High-carb diet = high insulin levels = burn less fat and store more = get fatter and fatter

 

Low-carb diet = low insulin levels = burn more fat and store less = stay lean

 

(Muscles For Life)

 

 

Taubes' hypothesis states that the only way to prevent the uptake and retention of fat, aka weight gain, “is to avoid the sugars and carbohydrates that work to raise insulin levels” (Scientific America). What will cells burn for energy then if there is no glucose? If there is no glucose present, cells will burn fat and fat stores. “To lose excess body fat, carbohydrates must be restricted”.  We needn’t worry about how many calories or the amount of food we eat, stresses Taubes’ theory, we must worry about the type of food we eat as it has an effect on our hormones, more specifically insulin; “The ongoing worldwide epidemics of obesity and type 2 diabetes (which stems to great extent from insulin resistance) are largely driven by the grains and sugars in our diets” (Scientific America). 


 

Taubes is working to prove this more solidly with upcoming experiments, but “in the past 20 years significant evidence has accumulated to suggest...that the hormone hypothesis is a viable explanation for why we get fat and that insulin resistance, driven perhaps by the sugars in the diet, is a fundamental defect not just in type 2 diabetes but in heart disease and even cancer” (Scientific America).

 

Sugar is Linked to Other Illnesses As Well 

 

In an article for Mind Body Green, Dr. William Sears goes beyond revealing sugar a culprit for weight gain and pins it a link to several other diseases; "Persistent high blood sugar, mostly because of eating high-sugar foods, is the root cause of many illnesses".  For example, Dr. Sears continues "The standard American diet, high in added sugars, is basically chemical fertilizers for tumor growth. This one simple change—eliminating added sugars from my diet—not only helped me survive and heal from cancer, but it helps every other system in my body thrive". (Mind Body Green)

 

The Solution | Less Sugar, More Fiber

 

Gary Taubes in his argument against sugars suggests replacing carbohydrates in the diet with fat. I would also like to introduce you to fiber, a worthy replacement for soda, candy, sweetened yogurt, flavored drinks, salad dressing, tv dinners, frozen pizza, frozen junk food, canned fruit, juice, granola bars, breakfast cereal, chips, cookies, energy + sports drinks, fast food, jellies and jams and other sugary and processed foods.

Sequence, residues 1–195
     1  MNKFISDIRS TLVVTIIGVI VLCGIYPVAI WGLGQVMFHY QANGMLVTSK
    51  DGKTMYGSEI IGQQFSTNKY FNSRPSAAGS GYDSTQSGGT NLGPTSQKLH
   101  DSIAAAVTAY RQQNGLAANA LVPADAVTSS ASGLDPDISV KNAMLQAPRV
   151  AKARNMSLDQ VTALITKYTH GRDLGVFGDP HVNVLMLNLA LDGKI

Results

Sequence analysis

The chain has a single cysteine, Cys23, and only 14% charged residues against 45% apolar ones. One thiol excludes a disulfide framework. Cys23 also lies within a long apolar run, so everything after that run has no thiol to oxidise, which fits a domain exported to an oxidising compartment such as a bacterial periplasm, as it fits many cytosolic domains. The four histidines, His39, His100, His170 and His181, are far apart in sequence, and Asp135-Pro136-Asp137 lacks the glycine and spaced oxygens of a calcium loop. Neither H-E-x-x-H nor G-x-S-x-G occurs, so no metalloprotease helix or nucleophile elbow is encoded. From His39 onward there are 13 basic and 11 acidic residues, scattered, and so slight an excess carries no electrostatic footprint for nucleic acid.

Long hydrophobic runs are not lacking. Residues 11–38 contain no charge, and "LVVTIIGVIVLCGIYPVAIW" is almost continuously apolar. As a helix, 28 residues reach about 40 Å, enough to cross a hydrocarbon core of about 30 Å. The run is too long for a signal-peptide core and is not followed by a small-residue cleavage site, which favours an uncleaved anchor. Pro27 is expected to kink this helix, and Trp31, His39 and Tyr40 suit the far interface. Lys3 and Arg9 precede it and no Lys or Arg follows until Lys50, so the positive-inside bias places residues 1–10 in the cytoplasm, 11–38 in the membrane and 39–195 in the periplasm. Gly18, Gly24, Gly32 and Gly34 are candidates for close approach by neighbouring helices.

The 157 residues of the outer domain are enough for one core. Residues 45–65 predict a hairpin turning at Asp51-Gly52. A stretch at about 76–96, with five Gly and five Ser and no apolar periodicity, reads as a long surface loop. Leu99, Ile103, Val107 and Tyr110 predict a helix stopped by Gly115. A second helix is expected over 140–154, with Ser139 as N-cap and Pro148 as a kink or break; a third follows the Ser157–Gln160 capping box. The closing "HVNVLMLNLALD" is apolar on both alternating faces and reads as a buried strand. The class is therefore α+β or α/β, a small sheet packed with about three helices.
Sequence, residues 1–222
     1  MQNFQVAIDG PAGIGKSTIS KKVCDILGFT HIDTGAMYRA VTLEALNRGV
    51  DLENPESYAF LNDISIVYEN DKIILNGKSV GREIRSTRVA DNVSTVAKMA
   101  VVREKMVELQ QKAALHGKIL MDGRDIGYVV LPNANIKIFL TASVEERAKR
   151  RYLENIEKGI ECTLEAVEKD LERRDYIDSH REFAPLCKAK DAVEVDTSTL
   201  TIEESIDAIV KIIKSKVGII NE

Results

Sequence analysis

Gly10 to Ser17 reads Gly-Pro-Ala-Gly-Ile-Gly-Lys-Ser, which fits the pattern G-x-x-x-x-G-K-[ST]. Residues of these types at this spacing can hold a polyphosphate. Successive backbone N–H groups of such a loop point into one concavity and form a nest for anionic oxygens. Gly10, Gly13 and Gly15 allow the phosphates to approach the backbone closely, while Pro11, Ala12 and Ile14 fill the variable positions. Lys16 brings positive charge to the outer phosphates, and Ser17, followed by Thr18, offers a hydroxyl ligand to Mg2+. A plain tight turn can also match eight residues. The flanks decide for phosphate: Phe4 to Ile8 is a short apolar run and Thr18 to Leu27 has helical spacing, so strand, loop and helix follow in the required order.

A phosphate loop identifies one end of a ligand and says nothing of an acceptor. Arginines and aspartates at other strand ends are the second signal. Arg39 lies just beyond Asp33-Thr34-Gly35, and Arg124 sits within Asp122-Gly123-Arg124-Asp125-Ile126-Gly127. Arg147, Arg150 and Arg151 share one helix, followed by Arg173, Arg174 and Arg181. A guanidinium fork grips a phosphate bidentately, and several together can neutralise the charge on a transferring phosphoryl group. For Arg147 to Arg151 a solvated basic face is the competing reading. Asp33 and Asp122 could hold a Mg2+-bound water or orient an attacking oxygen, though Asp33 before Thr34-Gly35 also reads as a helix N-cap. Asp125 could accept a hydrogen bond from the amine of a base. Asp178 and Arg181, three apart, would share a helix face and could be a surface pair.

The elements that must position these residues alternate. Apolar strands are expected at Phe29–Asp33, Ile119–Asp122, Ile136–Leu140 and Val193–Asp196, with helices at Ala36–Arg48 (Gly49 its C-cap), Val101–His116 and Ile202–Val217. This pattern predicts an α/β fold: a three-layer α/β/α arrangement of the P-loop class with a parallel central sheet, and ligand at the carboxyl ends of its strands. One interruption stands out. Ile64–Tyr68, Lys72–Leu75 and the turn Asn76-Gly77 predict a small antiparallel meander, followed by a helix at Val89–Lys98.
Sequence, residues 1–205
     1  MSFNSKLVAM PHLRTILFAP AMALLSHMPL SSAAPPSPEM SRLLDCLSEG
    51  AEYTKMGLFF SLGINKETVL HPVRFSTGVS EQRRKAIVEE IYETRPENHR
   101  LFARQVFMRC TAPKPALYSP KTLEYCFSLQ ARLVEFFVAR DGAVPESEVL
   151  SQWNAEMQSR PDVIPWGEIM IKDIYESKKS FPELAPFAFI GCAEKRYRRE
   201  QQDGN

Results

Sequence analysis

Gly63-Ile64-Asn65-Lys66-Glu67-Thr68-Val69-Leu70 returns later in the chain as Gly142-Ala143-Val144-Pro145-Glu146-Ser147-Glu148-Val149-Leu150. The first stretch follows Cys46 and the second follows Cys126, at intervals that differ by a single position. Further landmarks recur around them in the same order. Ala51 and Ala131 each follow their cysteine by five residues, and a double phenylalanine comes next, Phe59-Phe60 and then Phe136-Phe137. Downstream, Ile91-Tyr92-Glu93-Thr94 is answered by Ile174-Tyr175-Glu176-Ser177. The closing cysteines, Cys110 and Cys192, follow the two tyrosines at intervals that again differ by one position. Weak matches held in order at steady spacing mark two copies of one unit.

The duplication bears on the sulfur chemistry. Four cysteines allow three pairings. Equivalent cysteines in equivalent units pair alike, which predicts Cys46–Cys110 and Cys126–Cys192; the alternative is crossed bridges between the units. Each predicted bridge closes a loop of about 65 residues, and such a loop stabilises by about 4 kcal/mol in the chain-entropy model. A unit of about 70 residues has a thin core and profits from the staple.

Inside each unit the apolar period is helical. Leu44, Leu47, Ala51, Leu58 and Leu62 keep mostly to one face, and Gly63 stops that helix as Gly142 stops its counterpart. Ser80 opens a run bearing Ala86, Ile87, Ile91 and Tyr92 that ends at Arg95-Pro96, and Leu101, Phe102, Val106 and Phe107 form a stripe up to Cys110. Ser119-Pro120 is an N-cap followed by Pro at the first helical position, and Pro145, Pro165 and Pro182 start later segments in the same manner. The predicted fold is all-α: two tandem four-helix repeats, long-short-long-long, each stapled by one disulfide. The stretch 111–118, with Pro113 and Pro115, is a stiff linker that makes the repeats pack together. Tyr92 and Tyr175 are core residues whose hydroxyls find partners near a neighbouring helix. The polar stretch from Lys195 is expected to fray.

What is Fiber? The 'Miracle Carb'

 

I learned most everything I know about fiber from my nutritionist when I was Miss USA, fiber fairy godmother, Tanya Zuckerbrot.

 

Now down to the details: Fiber is a type of carbohydrate, but unlike other types of carbohydrates that can be broken down, fiber cannot be digested or absorbed, it passes through the body undigested. As a result, “fiber does not raise blood glucose levels. Because it is not broken down by the body, the fiber in an apple or a slice of whole grain bread has no effect on blood glucose levels because it isn't digested” - if it does not raise blood glucose levels, it doesn’t call upon the release of insulin that further promotes the uptake and accumulation of fat by fat cells" (Joslin.org). “By eating a high-fiber diet, you naturally need less insulin to maintain normal blood sugar,” says Tanya Zuckerbrot in an interview for Women’s World, “the less insulin you have, the less fat you store. Even better, lower insulin allows stored fat to be burned more readily”. In effect, "fiber is a good thing ..[but], of course, most of the foods that contain fiber (fruits, vegetables, whole grain breads, cereals, and pastas) also contain other types of non-fiber carbohydrate (sugar, starch) that must be accounted for in your meal plan” (Joslin.org). Lesson here, you have to, have to begin reading food labels and up your awareness of high fiber foods! 

 

What to Eat?? What a High-Fiber Life Looks Like

 

I tote myself a high fiber, low carb, struggling vegan. Most Americans eat less than half the recommended amount of fiber per day at 10-15 grams a day.  Don’t believe me? Take a look at the labels of some of your favorite foods. Most have less than 1 gram of fiber. Women should be getting at least 25 grams of fiber and men about 38 grams - I try to clear at least 30 grams of fiber a day. Try upping your fiber intake to at least the minimum required and you will see a difference almost within a day. 

 

On top of controlling blood sugar levels, fiber lowers cholesterol, it helps make you poop and much more! The best part of following a high-fiber diet is that I hardly feel ravenously hungry - fiber is great because just a little amount makes you feel full for a long time.  

 

I limit my intake of refined sugars to the point where most all of my carbohydrates only come from fiber. High fiber products are no longer just for your grandmother, there are some great high fiber products, including a line of high fiber bars Zuckerbrot is set to release this April 2018. 

 

To help you navigate this new way of eating I have added two new features to Well, There's This: There's a new tab highlighting my favorite high fiber, low carb recipes and I also opened a store where I have curated for you some of my favorite high fiber, low carb foods. Bon appetit!

 

xx Nana

 

Before making any changes to your diet, be sure to consult your doctor or medical professional.